A Win – Win

One of the major economic trends we have discussed in earlier Briefs has been that of outsourcing.  I’m not referring to the politically-charged concept of ‘moving jobs overseas,’ but to the process whereby a business transfers to more efficient providers those functions over which it does not have particular expertise or are not mission critical.    

On Wednesday Nortel (held in our Growth and Quest portfolios) rocked the communications world by announcing that it would outsource a huge chunk of its equipment production to the manufacturing giant Flextronics (also held in our Growth and Quest accounts).  Nortel, North America’s largest phone-gear maker, would sell its factories inCanadaandBrazilto Flextronics for up to $725 million in cash.  The company is also expected to sell its factories inFranceandIrelandin the near future.  For its part, Nortel agreed to buy about $2.5 billion of its equipment from Flextronics over the next four years and it will buy design services for three-years to come.  About 2,500 Nortel workers will transfer to Flextronics.  The transaction represents the largest outsourcing deal in history.

Nortel said the agreement is likely to add about $100 million in profits by the fourth year while Flextronics’ sales, already the largest contract manufacturer, will swell to over $20 billion.  The contract manufacturer’s earnings are expected to be boosted by 11% in 2006 and 16% in 2007.  The deal is a win for both companies and represents what we think will be a major trend in the years ahead.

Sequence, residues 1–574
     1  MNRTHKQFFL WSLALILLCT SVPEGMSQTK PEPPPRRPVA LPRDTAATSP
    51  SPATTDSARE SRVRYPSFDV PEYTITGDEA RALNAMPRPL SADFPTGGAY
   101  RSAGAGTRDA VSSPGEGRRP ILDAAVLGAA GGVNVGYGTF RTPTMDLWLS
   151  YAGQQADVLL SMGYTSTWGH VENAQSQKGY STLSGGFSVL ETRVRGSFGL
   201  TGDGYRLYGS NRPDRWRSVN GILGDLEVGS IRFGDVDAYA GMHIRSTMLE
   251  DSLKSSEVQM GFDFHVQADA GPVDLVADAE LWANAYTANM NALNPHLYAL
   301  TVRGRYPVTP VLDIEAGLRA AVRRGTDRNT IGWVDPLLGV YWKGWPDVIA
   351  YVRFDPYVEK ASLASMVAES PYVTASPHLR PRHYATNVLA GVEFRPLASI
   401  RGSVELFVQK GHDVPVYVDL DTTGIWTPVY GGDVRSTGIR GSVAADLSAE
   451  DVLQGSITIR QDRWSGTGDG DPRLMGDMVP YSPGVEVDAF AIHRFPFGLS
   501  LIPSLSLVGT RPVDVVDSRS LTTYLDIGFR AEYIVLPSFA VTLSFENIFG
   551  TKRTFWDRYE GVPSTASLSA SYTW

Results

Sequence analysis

The economic recovery continues to plow ahead with the consumer still leading the advance. U.S.personal spending rose 1% in May which was the largest increase since October 2001 and faster than the increase in income.  A measure of inflation also showed a dramatic increase, but the Fed on Wednesday increased short-term rates by only a quarter of a percent and maintained that they would maintain a “measured approach to tightening.”

As job gains expanded in the last month and gasoline prices began to fall consumers improved their outlook for the economy.  A measure of consumer confidence by the New York based Conference Board rose to 101.9 in June from a revised 93.1 in May taking the index to a two-year high.  The percentage of consumers who said they saw jobs as hard to find declined to its lowest level since September 2002.  The improved job situation overshadowed consumer concerns overIraqand energy prices.

Just released, the Unemployment report was unchanged for the month of June at 5.6% as companies added 112,000 workers.  But the job gains were less than half what was expected by economists.  Manufacturing payrolls actually declined by 11,000 jobs and were expected to grow by 30,000 workers.  As you can see on the table, May’s job gains in both service and manufacturing were revised downward too.  Still, the economy has added 1.3 million jobs so far this year, the biggest six-month gain in four years.

The economy could not continue at the pace of the last three quarters indefinitely.  Slower growth is better anyway as inflation may not be the problem it would be otherwise, allowing the Fed to be more moderate in its interest rate hikes.  Bond and stock markets are less volatile if investors feel they understand how much and at what frequency the Fed will raise rates.  As the summer rolls on the broad stock and bond markets will likely continue their aimless path, but improvements should continue in corporate earnings and in the economy as a whole.  For now we expect earnings news, mergers, and alliances to be the primary drivers of stock prices.  We are seeing opportunities overseas too as economic growth abroad picks up.  Our objective is to hold investments in the best long-term performing industries here and in the fastest growing economies overseas.